The Ministry of Posts and Telecommunications has lost at least 35 percent of its overseas-calling customers since the addition of a second, private international gateway in Cambodia late last year, prompting the ministry to take measures to recover its customers.
Most of the customer loss has come from “fair competition” from Tele2, but some has come from illegal or unlicensed actions by Royal Telecam International Co Ltd, according to a letter from Telecommunications Minister So Khun to Prime Minister Hun Sen obtained by reporters.
RTI is a private international gateway company run by the Royal Group, a partner in MobiTel.
The ministry has imposed restrictions on RTI, which operates under the trademark “Tele2.” Chief among those restrictions is the recall of 54 machines, which divert international calls through Tele2’s 007 network, that were distributed to businesses, hotels and international NGOs.
These so-called Dataflex machines were transferring the traffic and profits from the ministry’s own 001 international calling network, which was illegal and unlicensed, the letter states.
In his letter to Hun Sen, So Khun said RTI General Manager Ronny Melander was employing unfair business practices by using the machines.
Reached by telephone, Melander declined comment, referring all questions to Royal Group Chairman Kith Meng.
Kith Meng said all 54 of the Dataflex diverters had been recalled and would not be used again. He called the controversy a “misunderstanding.”
The Dataflex machines were illegal, said Koy Kim Sea, Ministry of Posts and Telecommunications undersecretary of state. Customers who dialed 001 would unwittingly be routed through 007 and given a 5 percent discount, he said.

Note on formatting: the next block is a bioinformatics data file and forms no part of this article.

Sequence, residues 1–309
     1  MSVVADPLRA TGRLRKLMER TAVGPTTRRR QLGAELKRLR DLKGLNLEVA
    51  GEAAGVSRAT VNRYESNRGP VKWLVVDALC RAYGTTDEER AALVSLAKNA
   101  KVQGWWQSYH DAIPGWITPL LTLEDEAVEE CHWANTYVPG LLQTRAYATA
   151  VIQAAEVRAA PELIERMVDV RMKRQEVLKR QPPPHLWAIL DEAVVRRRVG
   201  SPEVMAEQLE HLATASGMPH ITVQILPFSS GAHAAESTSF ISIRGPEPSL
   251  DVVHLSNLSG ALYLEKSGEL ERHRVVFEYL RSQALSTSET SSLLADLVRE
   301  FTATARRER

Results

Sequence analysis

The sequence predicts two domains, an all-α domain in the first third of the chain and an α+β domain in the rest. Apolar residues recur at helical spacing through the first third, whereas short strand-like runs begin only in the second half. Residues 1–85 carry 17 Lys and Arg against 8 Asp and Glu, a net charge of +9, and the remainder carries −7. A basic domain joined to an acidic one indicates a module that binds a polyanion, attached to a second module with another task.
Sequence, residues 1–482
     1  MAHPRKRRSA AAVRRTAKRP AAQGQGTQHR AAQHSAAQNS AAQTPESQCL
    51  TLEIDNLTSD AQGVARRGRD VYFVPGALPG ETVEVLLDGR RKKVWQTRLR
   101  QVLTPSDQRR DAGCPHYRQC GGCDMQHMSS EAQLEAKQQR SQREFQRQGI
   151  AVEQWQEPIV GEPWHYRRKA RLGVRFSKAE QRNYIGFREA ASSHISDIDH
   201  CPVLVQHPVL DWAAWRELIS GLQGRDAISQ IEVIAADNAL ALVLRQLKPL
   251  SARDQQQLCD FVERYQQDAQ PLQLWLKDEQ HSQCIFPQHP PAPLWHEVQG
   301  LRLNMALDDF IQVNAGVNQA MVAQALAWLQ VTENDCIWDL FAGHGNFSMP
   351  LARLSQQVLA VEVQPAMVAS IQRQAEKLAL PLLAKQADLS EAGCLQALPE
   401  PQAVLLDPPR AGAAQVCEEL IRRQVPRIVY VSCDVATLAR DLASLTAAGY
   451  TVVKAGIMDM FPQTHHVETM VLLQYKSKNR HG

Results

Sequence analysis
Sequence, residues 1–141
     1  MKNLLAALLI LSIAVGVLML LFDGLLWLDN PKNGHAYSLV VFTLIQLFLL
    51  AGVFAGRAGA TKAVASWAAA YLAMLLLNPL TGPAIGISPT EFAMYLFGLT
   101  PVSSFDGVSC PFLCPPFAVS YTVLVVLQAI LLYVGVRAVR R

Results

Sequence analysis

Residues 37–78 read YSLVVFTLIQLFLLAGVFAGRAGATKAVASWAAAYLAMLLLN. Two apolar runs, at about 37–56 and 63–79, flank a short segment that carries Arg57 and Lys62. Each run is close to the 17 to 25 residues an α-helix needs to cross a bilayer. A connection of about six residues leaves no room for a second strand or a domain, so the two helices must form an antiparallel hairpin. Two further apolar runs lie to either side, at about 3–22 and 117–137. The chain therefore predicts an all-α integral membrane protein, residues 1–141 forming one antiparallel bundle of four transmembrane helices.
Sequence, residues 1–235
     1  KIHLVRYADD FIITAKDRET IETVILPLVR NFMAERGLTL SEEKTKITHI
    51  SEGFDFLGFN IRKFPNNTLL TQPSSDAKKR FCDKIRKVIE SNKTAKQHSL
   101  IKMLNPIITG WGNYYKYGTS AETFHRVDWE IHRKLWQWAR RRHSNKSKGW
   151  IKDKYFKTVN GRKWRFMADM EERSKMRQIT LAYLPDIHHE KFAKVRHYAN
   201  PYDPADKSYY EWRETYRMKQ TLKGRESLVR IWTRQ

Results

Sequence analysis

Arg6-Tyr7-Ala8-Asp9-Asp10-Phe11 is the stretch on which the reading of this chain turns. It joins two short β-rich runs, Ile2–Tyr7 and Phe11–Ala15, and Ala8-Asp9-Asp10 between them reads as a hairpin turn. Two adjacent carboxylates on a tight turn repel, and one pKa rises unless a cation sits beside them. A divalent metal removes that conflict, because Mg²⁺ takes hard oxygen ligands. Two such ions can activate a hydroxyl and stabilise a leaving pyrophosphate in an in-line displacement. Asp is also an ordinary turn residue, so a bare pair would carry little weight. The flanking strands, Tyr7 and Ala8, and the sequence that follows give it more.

In mid-July, So Khun ordered MobiTel to stop the distribution of its CamPlus international calling cards, which he said were also unlicensed.
Negotiations over whether MobiTel may use the calling cards continue, Kith Meng and Koy Kim Sea said.
Kith Meng said Monday the real issue for his company was the drop in interconnection fee rates mandated by a government regulation adopted last week.
Starting Sept 1, all companies will charge $0.01 instead of $0.07 per minute to deliver calls to one another. This means a drop in profits for MobiTel, which handles the most calls in Cambodia.
These interconnect fees were lowered just one month after the ministry said it would no longer pay interconnect fees to private mobile phone companies like MobiTel.
Kith Meng on Monday repeated statements made earlier this month by MobiTel General Manager David Spriggs, threatening to cancel a possible $20 million investment if the interconnect fees regulation was approved.
So Khun asked that Royal Group’s foreign partners be summoned to Cambodia to answer questions about the CamPlus cards and the Dataflex machines.
So far he has received no response from either M A Zaman, senior executive vice president of Millicom International Cellular, SA, or David Harris, director general for Subao Telecom and owner of RTI.
Both are based in Sweden.